Definition of declamatory in US English:

declamatory

adjective

  • Vehement or impassioned in expression.

    ‘a long declamatory speech’
    • ‘In theatre terms, the plays are didactic and are prone to long impassioned declamatory speeches.’
    • ‘Before Brook, theatre was declamatory, overly theatrical and staid.’
    • ‘The music's expression ranges from declamatory to lyrical.’
    • ‘The thunderous declamatory tones preferred by his father, leader of the Democratic Unionist Party, are absent.’
    • ‘These pieces are the perhaps most conventionally dramatic, although Sedayne's declamatory vocals may not be to every listener's taste.’
    • ‘Macklin's championing of realistic delivery in place of a declamatory manner greatly influenced contemporaries, notably David Garrick.’
    • ‘Davis's verse is characterized by robust statements of urban themes, a fierce social consciousness, a strong declamatory voice, and an almost rabid racial pride.’
    • ‘Pazira and Hassan Tantai (who plays the doctor) speak in a flat, declamatory fashion that shows lack of experience, or the time to develop a certain level of performing skill.’
    • ‘IT'S overlong; declamatory; reads like a communique from some Edinburgh Soviet; and when it's not stating the blindingly bloody obvious, it's full of big words nobody will understand.’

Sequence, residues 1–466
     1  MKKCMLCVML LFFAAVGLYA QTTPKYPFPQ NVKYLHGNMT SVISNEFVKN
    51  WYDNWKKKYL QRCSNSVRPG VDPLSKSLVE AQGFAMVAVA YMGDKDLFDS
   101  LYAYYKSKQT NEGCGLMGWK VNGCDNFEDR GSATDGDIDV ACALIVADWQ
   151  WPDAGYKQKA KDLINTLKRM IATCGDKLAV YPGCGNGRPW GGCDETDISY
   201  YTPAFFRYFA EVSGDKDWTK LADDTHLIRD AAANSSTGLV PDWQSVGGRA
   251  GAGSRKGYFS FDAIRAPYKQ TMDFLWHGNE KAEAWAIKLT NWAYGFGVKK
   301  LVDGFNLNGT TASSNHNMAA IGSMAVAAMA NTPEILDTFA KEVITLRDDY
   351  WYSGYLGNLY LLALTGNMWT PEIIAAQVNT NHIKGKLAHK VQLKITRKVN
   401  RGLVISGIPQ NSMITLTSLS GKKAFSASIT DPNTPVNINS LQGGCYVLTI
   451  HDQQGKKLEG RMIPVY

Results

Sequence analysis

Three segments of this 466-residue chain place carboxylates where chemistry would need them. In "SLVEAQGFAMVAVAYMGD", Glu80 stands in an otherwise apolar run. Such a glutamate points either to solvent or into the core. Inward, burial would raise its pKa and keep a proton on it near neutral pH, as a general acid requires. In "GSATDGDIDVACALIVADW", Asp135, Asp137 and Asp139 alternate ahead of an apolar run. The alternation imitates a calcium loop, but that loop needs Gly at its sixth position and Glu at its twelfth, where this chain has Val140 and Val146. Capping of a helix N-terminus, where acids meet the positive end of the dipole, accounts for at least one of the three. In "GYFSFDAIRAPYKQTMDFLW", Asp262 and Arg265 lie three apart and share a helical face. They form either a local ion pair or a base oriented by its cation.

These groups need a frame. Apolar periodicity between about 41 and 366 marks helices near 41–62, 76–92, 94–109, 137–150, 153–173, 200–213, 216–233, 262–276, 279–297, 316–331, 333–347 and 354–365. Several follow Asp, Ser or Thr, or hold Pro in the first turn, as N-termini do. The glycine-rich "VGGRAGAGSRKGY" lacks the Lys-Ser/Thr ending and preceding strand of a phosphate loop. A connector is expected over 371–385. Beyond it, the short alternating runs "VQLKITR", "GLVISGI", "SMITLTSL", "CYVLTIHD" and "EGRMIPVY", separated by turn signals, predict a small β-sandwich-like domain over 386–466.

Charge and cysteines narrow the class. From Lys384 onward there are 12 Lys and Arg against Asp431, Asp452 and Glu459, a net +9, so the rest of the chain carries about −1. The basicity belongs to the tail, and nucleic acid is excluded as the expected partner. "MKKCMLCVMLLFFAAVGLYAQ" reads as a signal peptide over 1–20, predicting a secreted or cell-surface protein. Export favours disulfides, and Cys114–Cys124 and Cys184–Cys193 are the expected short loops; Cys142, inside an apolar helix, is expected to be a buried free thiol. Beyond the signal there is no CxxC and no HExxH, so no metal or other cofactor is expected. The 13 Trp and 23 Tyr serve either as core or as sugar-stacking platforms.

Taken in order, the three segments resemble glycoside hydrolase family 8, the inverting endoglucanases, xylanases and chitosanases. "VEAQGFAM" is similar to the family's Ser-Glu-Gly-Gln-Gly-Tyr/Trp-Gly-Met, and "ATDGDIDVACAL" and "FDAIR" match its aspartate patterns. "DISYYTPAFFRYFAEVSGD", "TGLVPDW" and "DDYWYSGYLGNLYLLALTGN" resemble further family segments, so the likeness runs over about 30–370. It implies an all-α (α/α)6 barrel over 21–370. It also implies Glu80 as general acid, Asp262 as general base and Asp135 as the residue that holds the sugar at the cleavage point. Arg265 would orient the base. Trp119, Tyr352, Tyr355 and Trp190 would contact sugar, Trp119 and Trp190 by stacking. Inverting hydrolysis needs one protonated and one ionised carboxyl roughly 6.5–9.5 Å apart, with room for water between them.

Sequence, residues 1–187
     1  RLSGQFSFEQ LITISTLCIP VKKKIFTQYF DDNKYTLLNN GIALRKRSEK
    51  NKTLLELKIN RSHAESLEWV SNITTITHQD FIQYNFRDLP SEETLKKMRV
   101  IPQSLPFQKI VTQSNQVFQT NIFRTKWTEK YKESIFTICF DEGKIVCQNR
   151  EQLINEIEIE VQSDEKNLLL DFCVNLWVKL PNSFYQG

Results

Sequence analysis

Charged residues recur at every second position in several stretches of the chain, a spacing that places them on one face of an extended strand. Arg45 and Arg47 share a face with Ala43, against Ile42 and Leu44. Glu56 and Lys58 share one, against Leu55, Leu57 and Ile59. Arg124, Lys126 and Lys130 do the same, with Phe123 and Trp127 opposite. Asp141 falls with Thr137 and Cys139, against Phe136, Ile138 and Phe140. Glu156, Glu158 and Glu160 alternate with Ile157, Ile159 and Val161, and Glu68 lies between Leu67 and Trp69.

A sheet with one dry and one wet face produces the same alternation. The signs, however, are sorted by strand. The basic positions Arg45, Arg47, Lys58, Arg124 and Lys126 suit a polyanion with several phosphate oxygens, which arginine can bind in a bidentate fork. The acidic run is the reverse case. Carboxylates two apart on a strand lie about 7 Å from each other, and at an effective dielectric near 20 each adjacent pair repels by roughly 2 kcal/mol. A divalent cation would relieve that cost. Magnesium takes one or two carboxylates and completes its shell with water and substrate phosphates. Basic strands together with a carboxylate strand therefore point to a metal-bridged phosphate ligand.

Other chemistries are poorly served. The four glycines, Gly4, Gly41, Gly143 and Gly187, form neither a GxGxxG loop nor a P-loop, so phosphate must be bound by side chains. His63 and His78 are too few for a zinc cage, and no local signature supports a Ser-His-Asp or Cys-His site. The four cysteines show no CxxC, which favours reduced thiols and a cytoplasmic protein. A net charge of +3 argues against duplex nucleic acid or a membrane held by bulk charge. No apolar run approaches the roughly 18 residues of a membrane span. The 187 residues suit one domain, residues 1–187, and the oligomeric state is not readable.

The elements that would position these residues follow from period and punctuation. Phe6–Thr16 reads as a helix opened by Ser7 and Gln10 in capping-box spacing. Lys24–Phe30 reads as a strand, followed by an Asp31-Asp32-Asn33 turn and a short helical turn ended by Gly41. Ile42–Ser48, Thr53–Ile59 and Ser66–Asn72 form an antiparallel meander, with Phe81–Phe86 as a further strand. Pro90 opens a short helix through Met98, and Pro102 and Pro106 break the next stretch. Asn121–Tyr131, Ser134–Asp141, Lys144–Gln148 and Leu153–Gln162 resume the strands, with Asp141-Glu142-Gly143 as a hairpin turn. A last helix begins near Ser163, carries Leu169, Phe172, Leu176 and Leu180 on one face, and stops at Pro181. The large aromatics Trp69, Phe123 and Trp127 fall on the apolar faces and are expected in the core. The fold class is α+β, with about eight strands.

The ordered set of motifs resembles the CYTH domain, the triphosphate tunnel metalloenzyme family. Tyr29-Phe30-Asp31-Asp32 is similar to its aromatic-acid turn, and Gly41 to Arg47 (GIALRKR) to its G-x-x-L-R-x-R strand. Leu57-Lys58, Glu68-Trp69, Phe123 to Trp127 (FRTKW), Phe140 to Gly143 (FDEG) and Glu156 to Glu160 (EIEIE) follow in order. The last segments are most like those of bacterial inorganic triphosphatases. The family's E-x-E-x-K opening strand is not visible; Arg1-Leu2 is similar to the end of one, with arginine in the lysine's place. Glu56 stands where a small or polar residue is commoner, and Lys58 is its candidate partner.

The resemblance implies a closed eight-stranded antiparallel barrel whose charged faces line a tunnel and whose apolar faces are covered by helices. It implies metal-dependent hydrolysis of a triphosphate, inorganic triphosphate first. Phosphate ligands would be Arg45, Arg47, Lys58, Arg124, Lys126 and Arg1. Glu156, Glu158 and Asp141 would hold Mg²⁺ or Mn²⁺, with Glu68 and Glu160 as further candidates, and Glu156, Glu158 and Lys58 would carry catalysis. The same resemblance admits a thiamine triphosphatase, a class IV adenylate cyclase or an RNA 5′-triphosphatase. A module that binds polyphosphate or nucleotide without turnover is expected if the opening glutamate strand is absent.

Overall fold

• ‘And on the few occasions when Fauré calls for it, she has huge, declamatory power at the very summit of her voice.’
    • ‘In Mozart and Salieri he wrote in a highly expressive declamatory idiom, while in Tsarskaya nevesta he used traditional forms and smooth melodies.’
    • ‘The language became more and more reminiscent of scripture and the style more declamatory and personal.’
    • ‘There is an emphasis on costume, spectacle and big, declamatory delivery.’
    • ‘The sparse dialogue is as mind-numbingly declamatory and unsubtle as political oratory or operatic aria.’
    • ‘The space is totally unsympathetic and encourages declamatory performances.’
    • ‘Aside from the political intrigue of the plot, the play is filled with brilliant speeches, timeless both for their declamatory techniques and for the passions they reflect and evoke.’
    • ‘He made this speech in a declamatory manner, standing in front of the fire, addressing himself half to Lucasta and half to an unseen audience in the middle distance.’
    • ‘The arias contained in the work are dominantly of two types, the aria di bravura, with rich coloratura elements, and the aria parlante, in declamatory vocal style.’
    • ‘The students compiled declamatory speeches on issues of global and social concern.’
    • ‘For most of the 1740s and early 1750s he appeared regularly at Covent Garden and with his contrasting, somewhat old-fashioned declamatory style was seen as the rival of the more naturalistic Garrick at Drury Lane.’
    rhetorical, oratorical, elaborate, ornate, bold, extravagant, flowery, florid, dramatic, theatrical, lofty, high-flown, high-sounding, bombastic, magniloquent, grandiloquent, overblown, overripe, overdone, overwrought, affected, orotund, inflated, overinflated, pompous, pretentious
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Pronunciation

declamatory

/dəˈklæməˌtɔri//dəˈklaməˌtôrē/